The timeless beauty of the Parthenon is a celebration of the glory of ancient Greek civilization and architecture.
Called a "miracle of perfection" by dancer Isadora Duncan and built between 447 and 438 B.C., the white marble temple was commissioned by statesman Pericles after Greece's victories over the Persians and dedicated to Athena Parthenos, goddess of wisdom and warfare and patron goddess of Athens.
Pericles once said, "What you leave behind is not what is engraved in stone monuments, but what is woven into the lives of others."
From the Greek word parthenos, meaning virgin, the Parthenon rises from the Acropolis hilltop that overlooks the sprawling city-state of Athens. The temple is a tribute to the city's remarkable past.
"As the symbolic birthplace of Western democracy, the Athenian Acropolis is the most hallowed--and the most universally acclaimed--temple site in all of Europe," explained historian Peter Green.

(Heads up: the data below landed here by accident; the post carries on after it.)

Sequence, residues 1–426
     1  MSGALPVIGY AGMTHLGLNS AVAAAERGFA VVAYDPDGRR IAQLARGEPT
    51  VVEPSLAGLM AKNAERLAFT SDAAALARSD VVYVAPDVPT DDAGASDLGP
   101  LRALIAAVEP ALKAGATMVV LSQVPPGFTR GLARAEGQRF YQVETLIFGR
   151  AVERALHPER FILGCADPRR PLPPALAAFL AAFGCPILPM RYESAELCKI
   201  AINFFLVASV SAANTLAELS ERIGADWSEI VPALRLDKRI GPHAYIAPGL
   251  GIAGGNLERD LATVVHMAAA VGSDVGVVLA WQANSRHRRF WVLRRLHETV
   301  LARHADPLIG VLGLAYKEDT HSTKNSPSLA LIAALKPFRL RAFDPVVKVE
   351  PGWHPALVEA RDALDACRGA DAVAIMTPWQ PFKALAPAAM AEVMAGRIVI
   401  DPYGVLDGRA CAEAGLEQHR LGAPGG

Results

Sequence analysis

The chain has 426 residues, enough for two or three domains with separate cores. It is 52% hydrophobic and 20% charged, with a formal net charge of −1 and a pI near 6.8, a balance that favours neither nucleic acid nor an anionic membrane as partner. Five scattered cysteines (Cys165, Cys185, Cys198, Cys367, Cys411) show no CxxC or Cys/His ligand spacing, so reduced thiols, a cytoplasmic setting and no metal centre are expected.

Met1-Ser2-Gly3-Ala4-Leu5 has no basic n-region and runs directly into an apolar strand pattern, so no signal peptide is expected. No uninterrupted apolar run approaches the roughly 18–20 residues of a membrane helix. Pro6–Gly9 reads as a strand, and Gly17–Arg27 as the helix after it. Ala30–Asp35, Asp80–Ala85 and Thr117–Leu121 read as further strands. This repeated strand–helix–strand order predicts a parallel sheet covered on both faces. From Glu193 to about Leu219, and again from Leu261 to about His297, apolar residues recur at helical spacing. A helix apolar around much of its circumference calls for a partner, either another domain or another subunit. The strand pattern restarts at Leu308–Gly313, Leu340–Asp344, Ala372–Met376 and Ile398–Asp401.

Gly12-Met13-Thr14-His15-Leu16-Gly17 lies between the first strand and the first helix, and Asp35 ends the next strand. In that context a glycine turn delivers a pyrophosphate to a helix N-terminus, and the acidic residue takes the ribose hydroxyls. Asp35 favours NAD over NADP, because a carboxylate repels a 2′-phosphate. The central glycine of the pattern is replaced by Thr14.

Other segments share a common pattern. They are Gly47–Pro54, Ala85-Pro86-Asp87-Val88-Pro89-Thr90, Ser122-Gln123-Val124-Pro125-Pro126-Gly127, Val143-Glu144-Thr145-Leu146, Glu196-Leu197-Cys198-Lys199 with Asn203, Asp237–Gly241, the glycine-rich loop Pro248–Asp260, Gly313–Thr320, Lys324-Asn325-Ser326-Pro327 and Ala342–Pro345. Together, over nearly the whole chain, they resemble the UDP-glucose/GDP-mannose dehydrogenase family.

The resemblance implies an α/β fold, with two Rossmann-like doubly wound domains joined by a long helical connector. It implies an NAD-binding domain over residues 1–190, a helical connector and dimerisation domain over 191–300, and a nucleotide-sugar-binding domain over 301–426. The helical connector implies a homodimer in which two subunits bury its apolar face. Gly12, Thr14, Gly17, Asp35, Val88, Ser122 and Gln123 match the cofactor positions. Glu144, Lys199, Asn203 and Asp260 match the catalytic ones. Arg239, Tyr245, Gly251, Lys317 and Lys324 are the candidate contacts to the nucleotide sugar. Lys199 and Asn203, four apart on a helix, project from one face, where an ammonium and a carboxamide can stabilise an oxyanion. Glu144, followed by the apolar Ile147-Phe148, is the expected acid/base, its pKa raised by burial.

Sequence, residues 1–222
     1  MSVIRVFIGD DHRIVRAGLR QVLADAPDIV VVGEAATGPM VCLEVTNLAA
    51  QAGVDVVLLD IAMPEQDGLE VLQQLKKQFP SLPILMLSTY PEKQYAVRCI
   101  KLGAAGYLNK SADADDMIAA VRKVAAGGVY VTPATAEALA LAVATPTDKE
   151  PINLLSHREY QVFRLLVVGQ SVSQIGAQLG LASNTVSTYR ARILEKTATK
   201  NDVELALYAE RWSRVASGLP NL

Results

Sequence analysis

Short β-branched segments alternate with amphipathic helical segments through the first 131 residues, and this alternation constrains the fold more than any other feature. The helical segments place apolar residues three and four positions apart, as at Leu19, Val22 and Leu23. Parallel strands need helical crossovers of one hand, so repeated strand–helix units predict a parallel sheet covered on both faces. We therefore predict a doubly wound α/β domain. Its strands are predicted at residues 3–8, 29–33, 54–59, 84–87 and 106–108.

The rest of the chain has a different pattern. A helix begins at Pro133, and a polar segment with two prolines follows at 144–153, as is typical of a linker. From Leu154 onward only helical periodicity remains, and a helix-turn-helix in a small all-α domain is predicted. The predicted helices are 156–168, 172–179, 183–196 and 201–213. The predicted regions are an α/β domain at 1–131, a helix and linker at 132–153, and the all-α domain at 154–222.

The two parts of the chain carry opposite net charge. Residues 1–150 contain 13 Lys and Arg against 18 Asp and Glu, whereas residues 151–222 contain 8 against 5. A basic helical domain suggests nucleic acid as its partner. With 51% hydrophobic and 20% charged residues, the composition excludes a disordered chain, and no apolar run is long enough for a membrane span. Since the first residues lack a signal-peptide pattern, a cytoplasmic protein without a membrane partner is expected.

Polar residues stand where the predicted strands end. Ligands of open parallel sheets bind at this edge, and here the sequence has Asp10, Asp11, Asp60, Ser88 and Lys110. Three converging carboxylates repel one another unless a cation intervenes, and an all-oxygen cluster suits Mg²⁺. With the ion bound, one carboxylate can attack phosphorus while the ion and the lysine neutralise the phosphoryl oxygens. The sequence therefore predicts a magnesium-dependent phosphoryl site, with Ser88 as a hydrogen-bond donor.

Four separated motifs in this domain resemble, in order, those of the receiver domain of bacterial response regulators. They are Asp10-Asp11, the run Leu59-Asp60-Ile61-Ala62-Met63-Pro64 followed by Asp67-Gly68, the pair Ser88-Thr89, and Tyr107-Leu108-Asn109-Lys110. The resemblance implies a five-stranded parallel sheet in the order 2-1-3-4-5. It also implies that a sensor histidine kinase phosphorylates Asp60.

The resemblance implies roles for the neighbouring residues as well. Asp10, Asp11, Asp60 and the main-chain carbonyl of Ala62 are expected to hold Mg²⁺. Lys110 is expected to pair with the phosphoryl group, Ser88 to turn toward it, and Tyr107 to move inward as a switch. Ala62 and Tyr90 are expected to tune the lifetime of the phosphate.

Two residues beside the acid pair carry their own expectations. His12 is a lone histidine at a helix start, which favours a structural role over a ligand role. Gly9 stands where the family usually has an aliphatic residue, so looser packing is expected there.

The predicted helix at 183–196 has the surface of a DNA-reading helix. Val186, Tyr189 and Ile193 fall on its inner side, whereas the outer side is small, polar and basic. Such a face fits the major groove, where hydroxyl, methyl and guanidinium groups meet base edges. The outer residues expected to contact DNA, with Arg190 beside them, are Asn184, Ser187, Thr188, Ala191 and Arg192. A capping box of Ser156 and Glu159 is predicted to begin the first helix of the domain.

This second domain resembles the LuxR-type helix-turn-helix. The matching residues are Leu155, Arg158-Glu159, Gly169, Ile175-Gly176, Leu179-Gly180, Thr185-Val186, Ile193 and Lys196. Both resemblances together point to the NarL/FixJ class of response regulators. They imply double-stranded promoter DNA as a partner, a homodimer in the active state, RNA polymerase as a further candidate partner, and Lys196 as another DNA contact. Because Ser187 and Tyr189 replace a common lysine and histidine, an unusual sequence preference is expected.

The Parthenon was designed by architects Ictinus and Callicrates under the supervison of the famous sculptor Pheidias. Over 100 feet wide and 225 feet long, the doric design was a masterpiece of innovation, made of over 20,000 tons of stone hauled ten miles by special mule carts from Mount Pentelicus.
At the heart of the inner room stood the 33-foot statue of Athena which was sculpted by Pheidias in gold and ivory. The priceless masterpiece disappeared in 400 A.D.
Through the centuries, the white marble has oxidized to honey gold and crumbled from wars and other ravages of time. But in the sacred remains live the lingering memory of majesty, spirit, and pride for a time when ancient Greece flourished in the arts, democracy, and philosophy. That, according to poet Edgar Allen Poe, was "the glory that was Greece."
Behold the beauty all around you!